There are a few schools of thought regarding the surge of interest in Joy Division over the last decade. Many fans were disappointed when Peter Hook and his new band toured the Unknown Pleasures album, seeing it as nothing more than a money making scheme. Certain sections have shown equal disdain towards other recent releases regarding the band. From the 1995 biography Touching From a Distance, to the film biopic Control and the documentary Joy Division, both in 2008, people have questioned whether this kind of scrutiny is really what the reclusive and media shy Ian Curtis would’ve wanted. As a long term fan, I fall in a different camp. Curtis was one of the best songwriters this country has produced, and if fantastic films like Control can bring his music to a wider audience, I’m all for it. Although it is a shame that idiots like The Wombats got on board.
There’s a new addition to the Joy Division archives this month, with the release of So This is Permanence. The book collects together Ian’s handwritten lyrics, lost songs, and original ideas, with photos of his book collection, artwork from gigs, albums, and singles, and some fascinating fan mail that he kept alongside his notebooks. But the book is more than the sum of its parts. As well as an interesting collection, it is an insight into the mind and the working methods of one of the most fascinating and mysterious musicians in music history.
While the artwork and photos are merely a passing interest, the fan letters offer something more. Not only do they show the dedication of fans while the band were still touring, but they also show a side of Curtis that is often hidden by his sombre lyrics and mesmerising stage persona. Because many of these letters are replies to Curtis, thanking him for taking time to speak to them at a gig, or send them some badges in the post, or even write out his lyrics for one eager follower. Another more sinister letter shows the other side of Joy Division’s fanbase, those people who mistook their name and dress sense for a direct involvement with Nazism. In a few pages, those of us who couldn’t be around to see the band’s short career, get a hint of what a furore they really caused.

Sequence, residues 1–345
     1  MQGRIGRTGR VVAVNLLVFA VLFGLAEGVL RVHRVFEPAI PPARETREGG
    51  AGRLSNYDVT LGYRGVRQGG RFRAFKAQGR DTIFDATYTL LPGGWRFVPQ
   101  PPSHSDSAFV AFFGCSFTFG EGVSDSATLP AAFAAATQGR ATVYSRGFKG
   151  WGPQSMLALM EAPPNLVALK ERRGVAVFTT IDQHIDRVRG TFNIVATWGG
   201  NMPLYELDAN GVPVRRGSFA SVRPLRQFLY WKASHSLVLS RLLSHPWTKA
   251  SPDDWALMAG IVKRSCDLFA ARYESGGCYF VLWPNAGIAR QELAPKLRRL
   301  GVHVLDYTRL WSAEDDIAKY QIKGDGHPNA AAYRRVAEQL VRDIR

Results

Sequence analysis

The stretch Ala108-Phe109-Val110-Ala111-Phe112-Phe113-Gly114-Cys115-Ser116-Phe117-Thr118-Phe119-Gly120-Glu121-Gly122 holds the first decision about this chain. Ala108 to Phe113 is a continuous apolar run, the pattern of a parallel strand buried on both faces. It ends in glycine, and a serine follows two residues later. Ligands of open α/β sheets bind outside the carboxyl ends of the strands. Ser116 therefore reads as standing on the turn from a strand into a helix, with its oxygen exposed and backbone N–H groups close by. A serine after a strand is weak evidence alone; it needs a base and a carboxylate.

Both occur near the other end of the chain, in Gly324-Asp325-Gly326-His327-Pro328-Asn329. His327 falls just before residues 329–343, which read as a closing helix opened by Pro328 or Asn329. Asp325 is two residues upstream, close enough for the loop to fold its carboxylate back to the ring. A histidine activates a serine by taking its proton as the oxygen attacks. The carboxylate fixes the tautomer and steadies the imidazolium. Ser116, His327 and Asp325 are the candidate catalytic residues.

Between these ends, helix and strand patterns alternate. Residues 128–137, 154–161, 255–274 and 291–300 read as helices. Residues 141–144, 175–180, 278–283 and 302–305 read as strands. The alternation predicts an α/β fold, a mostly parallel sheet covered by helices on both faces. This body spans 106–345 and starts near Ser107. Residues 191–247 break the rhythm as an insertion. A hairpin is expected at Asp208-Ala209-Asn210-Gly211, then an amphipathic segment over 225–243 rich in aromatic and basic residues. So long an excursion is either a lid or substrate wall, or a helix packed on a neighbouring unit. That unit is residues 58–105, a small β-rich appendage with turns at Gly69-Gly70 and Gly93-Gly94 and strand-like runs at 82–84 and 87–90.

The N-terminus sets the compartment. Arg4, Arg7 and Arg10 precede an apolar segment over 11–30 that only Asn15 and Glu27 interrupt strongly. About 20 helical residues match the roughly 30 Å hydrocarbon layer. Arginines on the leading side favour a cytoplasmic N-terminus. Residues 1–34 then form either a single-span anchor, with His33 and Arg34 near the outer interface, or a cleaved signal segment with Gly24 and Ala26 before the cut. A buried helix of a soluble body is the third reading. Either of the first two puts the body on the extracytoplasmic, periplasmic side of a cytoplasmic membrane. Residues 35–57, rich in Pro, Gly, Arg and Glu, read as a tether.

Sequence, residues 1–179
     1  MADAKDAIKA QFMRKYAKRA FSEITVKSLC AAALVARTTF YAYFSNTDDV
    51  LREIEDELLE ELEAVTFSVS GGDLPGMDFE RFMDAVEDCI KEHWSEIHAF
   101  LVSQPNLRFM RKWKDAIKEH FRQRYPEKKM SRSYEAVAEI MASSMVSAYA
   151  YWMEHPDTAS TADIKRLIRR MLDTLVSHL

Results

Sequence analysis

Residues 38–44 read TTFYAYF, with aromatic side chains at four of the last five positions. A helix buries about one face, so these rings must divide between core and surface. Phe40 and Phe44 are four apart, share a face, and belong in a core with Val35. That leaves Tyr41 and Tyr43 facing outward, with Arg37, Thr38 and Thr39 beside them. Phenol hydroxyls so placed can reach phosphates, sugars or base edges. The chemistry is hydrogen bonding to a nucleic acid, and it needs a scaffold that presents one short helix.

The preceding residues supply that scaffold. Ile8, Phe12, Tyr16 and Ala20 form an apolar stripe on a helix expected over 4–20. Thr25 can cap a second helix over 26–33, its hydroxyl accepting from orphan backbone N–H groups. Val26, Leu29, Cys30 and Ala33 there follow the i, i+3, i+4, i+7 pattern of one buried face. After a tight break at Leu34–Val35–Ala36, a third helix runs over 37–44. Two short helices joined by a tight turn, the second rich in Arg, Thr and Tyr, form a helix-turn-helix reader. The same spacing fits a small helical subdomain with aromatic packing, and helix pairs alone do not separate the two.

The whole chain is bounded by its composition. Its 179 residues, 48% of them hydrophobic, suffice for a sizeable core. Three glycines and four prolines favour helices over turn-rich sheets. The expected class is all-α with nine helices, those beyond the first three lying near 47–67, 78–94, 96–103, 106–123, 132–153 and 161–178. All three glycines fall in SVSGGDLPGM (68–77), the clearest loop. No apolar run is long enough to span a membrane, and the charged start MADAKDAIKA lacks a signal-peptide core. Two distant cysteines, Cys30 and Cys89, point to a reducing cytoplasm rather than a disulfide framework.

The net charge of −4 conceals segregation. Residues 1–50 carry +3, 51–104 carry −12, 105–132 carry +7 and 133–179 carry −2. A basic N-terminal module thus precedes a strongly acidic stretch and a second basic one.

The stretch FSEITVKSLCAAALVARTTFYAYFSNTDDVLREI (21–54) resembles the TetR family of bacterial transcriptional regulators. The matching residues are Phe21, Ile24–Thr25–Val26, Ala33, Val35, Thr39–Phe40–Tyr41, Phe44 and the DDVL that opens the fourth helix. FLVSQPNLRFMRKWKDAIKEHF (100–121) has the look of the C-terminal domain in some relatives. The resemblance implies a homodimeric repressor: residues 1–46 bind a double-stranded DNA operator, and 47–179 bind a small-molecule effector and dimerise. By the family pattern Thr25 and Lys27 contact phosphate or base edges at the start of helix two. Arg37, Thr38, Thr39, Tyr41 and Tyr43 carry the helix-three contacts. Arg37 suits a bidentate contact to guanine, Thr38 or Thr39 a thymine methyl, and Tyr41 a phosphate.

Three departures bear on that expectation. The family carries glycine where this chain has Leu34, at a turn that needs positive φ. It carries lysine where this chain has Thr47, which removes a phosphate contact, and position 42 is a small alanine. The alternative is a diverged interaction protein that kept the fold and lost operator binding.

It is, though, the lyrics that shine most brightly. Joy Division songs are often fraught and raucous, and even those of us who have listened to them for years will learn something from seeing the words written down. Curtis liked to leave his songs open for interpretation, so the words never accompanied the album sleeve. This will be a first for many fans. There has never been any doubting his lyrical mastery, but seeing the songs in his own handwriting shows just how bleak, despairing, and utterly beautiful they are. Manic Street Preachers’ bassist Nicky Wire has a quote on the back of the book which says everything:
“The words are untouchable, unreachable, perfect, unsettling, unique, beautiful. They are poetry but I want to claim them for rock.”
Seeing the lyrics in this manner also does something else. It makes you wonder how people didn’t see the struggles that Curtis was facing in the last months of his life. As he redrafts lines of Love Will Tear us Apart, you can see how he fought to demonstrate exactly what he was feeling. One of the most prevalent sections we find him rewriting in these notes is the opening to Passover:
“This is a crisis I knew had to come / Destroying the balance I’d kept / Doubting, unsettling and turning around / Wondering what will come next”
It’s actually a difficult experience to see how he worked so hard to get these lyrics just right. But for anyone who is really interested in the history of this band, you’ll never find a way to get so close to them.
Any Cop?: Obviously, I think so. But I suppose there’s a pretty easy way of finding out if you’d think so too. Are you a Joy Division fan? If so, So This is Permanence needs a space on your bookshelf. If not – well, there’s probably a One Direction annual out soon, anyway.